Syria began exporting them in about 2013, as its formal economy shrivelled, thanks to war, economic sanctions and corruption within the regime. Chemical plants in the cities of Aleppo and Homs have been converted into pill factories. In the Gulf the mark-up for pills can be 50 times their cost in Syria. Smugglers hide them in shipments of paper rolls, parquet flooring and even pomegranates. Saudi princes use private jets to bring the stuff in.

Captagon – known as “Father of two half-moons” due to its markings in the Persian Gulf, where it is highly popular, and one of the key exports of Assad regime in Syria (Photo: Global Initiative Against Transnational Organized Crime)

Seizures by police in foreign waters testify to the size of the trade. Italian police last year uncovered 84m pills worth over €1bn on a single ship. It was then said to be the world’s biggest interception of amphetamine-related drugs. In May the Malaysian authorities, acting on a Saudi tip-off, seized 95m pills. The Libyan port of Benghazi, linked by a regular shipping route to Syria, is said to be a key entrepot.

The Assads insist they are not involved. “Propaganda”, says Shadi al-Ahmad, an economist in Damascus, the capital, who is loyal to the regime. But because Mr Assad finds it hard to pay his troops, he farms out much of his country to warlords who oversee the smuggling. The army’s fourth division, which is commanded by Maher al-Assad, the president’s younger brother, is said to take a big cut. Other relations run operations at the Mediterranean ports of Latakia and Tartous. A Lebanese drug-runner close to Hizbullah and wanted by Interpol boasts on Facebook of his ties to the Assads and senior Hizbullah clerics. “It’s out of control,” says an insider in Damascus.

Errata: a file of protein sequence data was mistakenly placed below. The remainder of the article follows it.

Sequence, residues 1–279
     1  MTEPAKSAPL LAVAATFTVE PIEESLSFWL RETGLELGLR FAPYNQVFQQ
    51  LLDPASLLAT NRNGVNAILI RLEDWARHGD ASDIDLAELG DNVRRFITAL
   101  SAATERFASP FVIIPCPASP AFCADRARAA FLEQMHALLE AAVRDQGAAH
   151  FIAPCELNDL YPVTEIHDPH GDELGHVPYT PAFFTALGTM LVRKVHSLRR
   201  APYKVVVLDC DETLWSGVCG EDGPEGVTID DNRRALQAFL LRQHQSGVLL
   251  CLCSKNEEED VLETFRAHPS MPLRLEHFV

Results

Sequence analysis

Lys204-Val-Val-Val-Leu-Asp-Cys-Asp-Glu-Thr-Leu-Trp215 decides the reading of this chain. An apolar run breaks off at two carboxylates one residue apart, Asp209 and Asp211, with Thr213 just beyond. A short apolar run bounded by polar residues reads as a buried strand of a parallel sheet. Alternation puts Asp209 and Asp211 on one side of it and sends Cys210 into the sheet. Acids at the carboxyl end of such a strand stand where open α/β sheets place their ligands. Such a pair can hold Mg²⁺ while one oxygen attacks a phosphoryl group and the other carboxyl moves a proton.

The regime may see Captagon as a lever in regional power struggles. It “uses drugs as a weapon against the Gulf”, says Malik al-Abdeh, a Syria watcher close to the opposition. “The message is: normalise relations, or we’ll destroy your youth.”

In any event, the regime’s loyalists are not the only ones involved. The Kurds who control Iraq’s north-eastern border with Turkey draw on the experience of the Kurdistan Workers’ Party, which operates routes through the mountains to Europe. Sunni Syrian rebels under Turkish protection in northern Syria are at it too. And the route south through Jordan to Saudi Arabia is getting busier. “All the militias get their earnings from smuggling drugs,” says a tribal leader in southern Syria. He says southern militias have helped thousands of refugees cross the border into Jordan, their knapsacks full of pills.

For the Syrians left behind, drugs may destroy what remains of society after a decade of civil war. “Young men who haven’t been killed, exiled or jailed are addicts,” says a social worker in Sweida, a city held by the Assads in the south. A recent survey of Syrians in the north found that in January this year 33% said they knew a drug user. That is up from 7% in 2019. So prevalent is the habit that during this year’s Ramadan, in April and May, the prime-time serial on state television was “On a Hot Plate”, portraying a family of drug dealers.

This article appeared in the Middle East & Africa section of the print edition under the headline “Narco-state on the Med”.